2018 Key dates
December 4, 2017 – Student Focus closes
January 4, 2018 – Open & Youth competitions close
January 1, 2018 – Professional competitions close
February 27, 2018 –Shortlist announced
March 27, 2018 – Open and National Awards winners revealed
April 19, 2018 – Photographer of the Year & Professional category winners announced

Categories: News

Snapchat brings its hip round Spectacles to Europe

The Guardian on Photography Technology - Fri, 02/06/2017 - 07:00

Snap Inc’s glasses that film circular videos of users’ everyday lives have been placed in vending machines in London, Paris, Berlin, Barcelona and Venice

Snapchat is bringing its Spectacles to Europe, placing five “snapbot” vending machines in London, Paris, Berlin, Barcelona and Venice to begin selling the £129.99 wearable cameras.

It is the first time the glasses have been available outside the US, where they led to hundreds of people queueing throughout the winter in a bid to secure the coveted gadgets. But for those who don’t fancy joining the queues – or can’t get down to the London Eye, where Britain’s vending machine will be placed – the glasses are also available at, for shipping across Europe.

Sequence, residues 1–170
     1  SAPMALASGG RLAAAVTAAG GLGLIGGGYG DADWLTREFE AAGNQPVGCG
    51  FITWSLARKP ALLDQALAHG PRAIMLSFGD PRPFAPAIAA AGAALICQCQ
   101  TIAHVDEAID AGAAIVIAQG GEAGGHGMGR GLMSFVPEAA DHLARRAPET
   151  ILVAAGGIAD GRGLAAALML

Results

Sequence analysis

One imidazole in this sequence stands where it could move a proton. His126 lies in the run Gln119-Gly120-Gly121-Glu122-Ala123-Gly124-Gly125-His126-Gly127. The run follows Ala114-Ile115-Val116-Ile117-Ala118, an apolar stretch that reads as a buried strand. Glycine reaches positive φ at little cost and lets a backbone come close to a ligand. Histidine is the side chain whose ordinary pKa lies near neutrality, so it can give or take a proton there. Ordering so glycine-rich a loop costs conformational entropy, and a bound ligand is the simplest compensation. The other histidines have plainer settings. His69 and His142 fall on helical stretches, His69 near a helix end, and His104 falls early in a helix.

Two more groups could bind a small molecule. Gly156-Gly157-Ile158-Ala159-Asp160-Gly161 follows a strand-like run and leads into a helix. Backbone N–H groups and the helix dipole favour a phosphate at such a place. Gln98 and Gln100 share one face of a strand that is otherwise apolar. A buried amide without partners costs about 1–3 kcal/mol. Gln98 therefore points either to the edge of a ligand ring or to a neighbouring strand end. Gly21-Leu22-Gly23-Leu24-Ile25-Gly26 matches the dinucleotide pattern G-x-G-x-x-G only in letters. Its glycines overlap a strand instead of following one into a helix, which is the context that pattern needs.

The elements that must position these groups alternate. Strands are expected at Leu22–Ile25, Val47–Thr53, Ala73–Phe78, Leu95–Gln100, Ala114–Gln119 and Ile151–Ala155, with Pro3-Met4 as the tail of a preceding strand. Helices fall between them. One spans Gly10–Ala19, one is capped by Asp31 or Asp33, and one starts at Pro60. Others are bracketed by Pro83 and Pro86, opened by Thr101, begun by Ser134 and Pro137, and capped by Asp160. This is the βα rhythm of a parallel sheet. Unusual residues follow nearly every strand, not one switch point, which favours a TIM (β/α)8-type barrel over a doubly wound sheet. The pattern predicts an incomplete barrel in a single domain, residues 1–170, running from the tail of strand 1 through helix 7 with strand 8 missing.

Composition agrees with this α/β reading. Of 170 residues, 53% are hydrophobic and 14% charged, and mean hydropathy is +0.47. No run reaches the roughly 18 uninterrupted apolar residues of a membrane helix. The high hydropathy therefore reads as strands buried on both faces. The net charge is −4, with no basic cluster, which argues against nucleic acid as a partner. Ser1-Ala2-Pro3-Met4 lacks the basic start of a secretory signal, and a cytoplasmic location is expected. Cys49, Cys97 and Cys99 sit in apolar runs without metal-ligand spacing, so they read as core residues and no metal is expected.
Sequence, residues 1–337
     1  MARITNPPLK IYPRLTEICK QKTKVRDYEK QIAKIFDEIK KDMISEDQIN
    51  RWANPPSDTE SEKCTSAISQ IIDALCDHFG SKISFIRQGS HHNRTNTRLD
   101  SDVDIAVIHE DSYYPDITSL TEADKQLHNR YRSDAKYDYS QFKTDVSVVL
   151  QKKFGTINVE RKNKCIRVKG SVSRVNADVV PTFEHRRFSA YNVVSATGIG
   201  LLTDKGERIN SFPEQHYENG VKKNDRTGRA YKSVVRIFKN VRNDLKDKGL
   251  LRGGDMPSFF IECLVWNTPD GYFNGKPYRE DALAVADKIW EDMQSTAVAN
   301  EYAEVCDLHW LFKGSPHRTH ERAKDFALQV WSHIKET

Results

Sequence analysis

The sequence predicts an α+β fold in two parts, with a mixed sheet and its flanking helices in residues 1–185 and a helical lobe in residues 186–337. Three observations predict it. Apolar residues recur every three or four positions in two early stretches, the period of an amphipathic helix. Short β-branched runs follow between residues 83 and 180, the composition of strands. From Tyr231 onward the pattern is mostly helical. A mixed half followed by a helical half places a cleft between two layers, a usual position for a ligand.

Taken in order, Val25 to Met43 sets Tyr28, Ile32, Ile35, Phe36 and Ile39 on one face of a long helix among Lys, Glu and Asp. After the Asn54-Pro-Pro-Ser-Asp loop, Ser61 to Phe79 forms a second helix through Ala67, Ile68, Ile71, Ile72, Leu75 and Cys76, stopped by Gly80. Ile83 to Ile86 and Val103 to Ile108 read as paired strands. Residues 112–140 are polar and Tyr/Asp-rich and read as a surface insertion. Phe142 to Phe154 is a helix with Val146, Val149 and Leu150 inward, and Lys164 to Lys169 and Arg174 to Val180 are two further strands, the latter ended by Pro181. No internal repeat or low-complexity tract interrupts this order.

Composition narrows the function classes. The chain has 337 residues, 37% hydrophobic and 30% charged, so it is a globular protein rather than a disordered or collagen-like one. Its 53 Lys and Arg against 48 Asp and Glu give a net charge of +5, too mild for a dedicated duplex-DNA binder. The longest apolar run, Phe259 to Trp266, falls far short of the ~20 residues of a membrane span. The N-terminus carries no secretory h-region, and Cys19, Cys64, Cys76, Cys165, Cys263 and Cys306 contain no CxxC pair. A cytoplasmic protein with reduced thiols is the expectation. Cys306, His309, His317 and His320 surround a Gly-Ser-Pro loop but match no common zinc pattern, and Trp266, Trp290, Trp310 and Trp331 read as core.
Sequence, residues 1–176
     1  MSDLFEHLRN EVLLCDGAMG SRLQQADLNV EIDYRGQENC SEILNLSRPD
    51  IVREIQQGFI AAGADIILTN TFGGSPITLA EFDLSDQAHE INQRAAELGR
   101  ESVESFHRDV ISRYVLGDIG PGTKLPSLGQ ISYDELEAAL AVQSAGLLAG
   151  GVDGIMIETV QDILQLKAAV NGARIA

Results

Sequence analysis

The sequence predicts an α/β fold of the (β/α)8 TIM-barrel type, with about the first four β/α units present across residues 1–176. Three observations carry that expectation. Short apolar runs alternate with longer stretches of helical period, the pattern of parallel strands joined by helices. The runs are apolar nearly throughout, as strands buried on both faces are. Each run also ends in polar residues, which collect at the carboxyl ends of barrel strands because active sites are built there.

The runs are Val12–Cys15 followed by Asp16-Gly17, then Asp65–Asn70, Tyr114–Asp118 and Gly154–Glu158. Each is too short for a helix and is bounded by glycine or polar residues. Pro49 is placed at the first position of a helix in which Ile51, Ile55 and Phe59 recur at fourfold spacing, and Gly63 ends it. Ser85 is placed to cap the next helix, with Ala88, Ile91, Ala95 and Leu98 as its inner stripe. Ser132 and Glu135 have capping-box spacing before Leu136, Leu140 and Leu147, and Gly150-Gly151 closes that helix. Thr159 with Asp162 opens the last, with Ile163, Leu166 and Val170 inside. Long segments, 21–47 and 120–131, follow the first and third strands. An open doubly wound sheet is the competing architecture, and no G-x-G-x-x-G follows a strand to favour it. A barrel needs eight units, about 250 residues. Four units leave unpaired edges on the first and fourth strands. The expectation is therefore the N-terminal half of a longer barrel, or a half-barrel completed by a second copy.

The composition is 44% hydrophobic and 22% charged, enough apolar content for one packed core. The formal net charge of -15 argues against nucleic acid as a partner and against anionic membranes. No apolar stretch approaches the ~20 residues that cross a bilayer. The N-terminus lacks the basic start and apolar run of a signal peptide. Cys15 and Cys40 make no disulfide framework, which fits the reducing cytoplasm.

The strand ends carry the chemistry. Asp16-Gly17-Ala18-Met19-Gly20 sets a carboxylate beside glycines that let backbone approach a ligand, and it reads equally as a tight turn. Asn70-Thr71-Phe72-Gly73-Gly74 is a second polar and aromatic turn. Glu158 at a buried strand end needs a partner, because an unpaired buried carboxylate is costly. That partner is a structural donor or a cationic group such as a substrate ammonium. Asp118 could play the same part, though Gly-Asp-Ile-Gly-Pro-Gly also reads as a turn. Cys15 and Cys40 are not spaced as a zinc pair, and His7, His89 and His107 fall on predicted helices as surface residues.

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Categories: News

Rainbow Rio: the hidden side of Brazil's beating heart – in pictures

Austrian-born photographer Stefanie Moshammer focused on favelas to show a different side of life in Brazil’s second biggest city for her Land of Black Milk series. Her colourful work is on show at the Foam Talent exhibition in London

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Categories: News

From mafia murders to innocent beauty: Letizia Battaglia’s Palermo portfolio

Celebrated Italian photojournalist reveals how the death of a 10-year-old boy influenced her work